I value the company at $0 (yes, zero). To those who question how a company with no debt and positive free cash flow can have a negative valuation, I point to the 6,600+ stores and estimated $2B of operating lease obligations. My valuation (as opposed to my target price) is based entirely on a discounted cash flow model that reflects a short-term view of limited growth and a longer-term view of declining sales and higher margins. I project annual sales growth (decline) of 15%, (10%), (15%), (15%) and (15%), and FY 2013 gross margins at 25% increasing thereafter 0, 200, 100 and 100 bps sequentially (e.g. 2017 gross margin of 21%).
Longer term, I do not see a viable strategy for growth in the retail gaming market and believe that GME will struggle to execute a digital strategy so far outside of its core retail competencies. Console manufacturers, online retailers and publishers themselves are better positioned as digital distributors. Lower forecasted margins reflect my belief that the highest margin used gaming sales category will continue its precipitous decline, while lower margin segments such as hardware (which will remain a retail product for the foreseeable future) and new gaming sales (which include in-store and e-commerce packaged sales) will increase on a percentage share basis. Moreover, I expect that current forays into the mobile re-commerce market will be met with stiff competition and ultimately fail to replenish profits lost from physical game sales. Pre-owned mobile hardware has lower margins and a substantially lower turnover (i.e. people own phone and tablets longer) than pre-owned games.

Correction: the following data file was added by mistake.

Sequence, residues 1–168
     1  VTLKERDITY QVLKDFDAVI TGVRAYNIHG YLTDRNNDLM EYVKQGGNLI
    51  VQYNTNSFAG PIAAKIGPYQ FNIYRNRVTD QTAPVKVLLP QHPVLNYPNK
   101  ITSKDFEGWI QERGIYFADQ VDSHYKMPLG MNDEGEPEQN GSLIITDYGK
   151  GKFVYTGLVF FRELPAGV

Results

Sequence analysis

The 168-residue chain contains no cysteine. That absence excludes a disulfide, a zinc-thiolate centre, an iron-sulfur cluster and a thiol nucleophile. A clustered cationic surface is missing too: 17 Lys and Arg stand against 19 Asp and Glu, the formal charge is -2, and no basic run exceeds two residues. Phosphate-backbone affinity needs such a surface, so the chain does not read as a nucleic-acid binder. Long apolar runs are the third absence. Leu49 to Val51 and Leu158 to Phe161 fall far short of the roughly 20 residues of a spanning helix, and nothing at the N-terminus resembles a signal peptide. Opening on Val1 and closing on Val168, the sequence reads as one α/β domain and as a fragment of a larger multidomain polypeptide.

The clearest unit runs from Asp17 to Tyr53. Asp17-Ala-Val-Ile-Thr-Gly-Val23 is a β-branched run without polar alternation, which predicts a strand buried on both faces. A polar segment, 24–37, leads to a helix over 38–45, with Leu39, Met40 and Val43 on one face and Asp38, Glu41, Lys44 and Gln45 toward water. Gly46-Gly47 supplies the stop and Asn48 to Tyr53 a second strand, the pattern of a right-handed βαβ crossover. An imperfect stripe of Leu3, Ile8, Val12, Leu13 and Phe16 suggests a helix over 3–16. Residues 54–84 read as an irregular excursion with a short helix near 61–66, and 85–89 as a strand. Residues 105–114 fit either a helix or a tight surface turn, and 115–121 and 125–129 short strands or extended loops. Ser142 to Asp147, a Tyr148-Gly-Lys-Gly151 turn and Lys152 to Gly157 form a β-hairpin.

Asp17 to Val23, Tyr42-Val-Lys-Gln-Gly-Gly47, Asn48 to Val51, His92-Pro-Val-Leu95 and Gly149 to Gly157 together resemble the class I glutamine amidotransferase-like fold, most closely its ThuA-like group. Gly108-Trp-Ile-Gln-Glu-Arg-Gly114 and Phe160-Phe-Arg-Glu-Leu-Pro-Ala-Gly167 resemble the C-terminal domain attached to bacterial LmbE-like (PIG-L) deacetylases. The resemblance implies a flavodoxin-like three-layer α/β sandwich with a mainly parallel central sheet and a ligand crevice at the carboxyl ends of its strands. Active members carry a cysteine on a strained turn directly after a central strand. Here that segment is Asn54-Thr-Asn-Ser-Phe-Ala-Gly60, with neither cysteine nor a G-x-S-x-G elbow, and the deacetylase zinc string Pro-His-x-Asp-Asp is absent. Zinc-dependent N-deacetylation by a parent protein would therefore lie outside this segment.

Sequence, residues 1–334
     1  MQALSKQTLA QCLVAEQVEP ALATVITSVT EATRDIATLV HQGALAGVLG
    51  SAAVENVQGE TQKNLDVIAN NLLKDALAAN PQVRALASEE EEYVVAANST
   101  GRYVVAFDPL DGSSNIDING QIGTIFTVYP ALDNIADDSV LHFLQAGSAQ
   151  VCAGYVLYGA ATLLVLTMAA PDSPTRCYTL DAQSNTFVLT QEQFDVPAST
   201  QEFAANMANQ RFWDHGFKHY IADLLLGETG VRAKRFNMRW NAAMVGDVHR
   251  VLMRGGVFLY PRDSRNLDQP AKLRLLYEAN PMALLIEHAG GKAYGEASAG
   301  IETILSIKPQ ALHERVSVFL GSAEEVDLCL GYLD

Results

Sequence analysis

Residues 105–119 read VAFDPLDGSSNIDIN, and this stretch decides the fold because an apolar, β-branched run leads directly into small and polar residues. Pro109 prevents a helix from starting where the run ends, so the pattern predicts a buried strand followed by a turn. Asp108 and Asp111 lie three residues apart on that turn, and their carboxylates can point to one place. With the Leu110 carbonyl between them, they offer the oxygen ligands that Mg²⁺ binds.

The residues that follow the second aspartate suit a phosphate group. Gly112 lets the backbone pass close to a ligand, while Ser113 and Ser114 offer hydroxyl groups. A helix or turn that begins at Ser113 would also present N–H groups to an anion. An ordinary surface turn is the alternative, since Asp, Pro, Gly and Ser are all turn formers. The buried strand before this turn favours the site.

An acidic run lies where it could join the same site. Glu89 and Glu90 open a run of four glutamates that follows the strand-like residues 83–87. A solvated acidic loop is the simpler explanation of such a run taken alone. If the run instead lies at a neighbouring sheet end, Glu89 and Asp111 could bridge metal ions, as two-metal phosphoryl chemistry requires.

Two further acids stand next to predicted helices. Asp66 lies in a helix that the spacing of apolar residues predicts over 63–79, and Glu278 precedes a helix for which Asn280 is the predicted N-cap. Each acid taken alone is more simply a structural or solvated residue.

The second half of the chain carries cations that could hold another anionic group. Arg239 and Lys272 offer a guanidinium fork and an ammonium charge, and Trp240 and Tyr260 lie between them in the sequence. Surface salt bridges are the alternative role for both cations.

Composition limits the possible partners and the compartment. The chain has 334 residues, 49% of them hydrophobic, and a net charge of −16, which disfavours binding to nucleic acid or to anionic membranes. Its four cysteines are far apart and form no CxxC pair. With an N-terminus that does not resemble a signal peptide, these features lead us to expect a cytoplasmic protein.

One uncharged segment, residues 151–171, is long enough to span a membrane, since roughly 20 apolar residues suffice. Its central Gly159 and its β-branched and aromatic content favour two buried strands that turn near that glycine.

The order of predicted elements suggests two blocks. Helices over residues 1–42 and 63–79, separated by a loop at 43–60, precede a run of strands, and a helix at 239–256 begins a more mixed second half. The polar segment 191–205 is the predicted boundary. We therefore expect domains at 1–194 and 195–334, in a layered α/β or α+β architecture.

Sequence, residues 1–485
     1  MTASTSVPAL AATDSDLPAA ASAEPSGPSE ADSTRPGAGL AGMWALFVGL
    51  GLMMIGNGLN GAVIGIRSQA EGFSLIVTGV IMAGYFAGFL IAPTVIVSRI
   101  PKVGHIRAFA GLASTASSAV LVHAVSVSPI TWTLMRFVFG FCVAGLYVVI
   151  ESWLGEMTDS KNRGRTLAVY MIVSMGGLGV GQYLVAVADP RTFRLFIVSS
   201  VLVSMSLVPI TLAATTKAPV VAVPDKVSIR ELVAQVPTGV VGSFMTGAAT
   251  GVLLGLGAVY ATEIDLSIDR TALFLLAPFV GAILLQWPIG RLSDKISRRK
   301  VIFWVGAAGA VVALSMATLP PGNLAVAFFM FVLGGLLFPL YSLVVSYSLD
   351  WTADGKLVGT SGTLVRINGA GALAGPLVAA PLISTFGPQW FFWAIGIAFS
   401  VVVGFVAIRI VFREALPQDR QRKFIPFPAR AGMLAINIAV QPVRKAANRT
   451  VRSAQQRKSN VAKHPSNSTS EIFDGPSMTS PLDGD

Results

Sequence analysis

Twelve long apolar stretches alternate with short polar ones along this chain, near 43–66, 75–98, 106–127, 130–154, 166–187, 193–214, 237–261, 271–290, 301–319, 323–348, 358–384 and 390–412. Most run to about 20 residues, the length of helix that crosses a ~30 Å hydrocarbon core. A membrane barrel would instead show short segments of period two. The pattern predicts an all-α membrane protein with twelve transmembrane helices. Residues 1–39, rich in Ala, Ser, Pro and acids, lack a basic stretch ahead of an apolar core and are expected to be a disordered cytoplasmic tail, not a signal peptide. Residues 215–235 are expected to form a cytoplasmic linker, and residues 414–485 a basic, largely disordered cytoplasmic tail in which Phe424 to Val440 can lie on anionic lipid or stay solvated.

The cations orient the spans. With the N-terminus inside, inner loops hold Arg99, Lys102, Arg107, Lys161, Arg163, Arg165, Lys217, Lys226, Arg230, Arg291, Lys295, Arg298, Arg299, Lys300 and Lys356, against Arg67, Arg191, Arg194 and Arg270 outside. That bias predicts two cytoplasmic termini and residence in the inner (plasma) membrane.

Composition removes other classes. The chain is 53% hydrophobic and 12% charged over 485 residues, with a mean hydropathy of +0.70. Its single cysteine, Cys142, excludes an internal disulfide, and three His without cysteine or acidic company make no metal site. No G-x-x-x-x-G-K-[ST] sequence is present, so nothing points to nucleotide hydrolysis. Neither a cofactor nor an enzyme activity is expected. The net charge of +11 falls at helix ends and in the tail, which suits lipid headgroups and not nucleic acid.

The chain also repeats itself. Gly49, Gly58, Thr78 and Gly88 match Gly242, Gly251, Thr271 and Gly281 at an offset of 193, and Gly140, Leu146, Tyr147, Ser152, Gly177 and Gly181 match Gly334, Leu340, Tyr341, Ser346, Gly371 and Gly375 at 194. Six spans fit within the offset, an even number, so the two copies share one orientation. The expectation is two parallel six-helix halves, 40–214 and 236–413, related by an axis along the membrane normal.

GME is first and foremost a retailer, not a digital distributor. While the company has expanded into digital markets through acquisitions and internal development, the company's digital expansion remains a work in progress. Management points to next generation console launches in the coming year as business boon, but I am less confident in that assessment. In fact, I expect that next generation gaming consoles will hasten the shift to digital distribution. I expect such consoles to have greatly enhanced storage capacities and fully integrated digital ecosystems. Gamers on their couches - never renowned for a propensity to physical activity - will be more than happy to adopt the new digital regime.
Please feel free to question any arguments / assumptions herein and I will do my best to elaborate.
Disclosure: I am short GME. I wrote this article myself, and it expresses my own opinions. I am not receiving compensation for it (other than from Seeking Alpha). I have no business relationship with any company whose stock is mentioned in this article.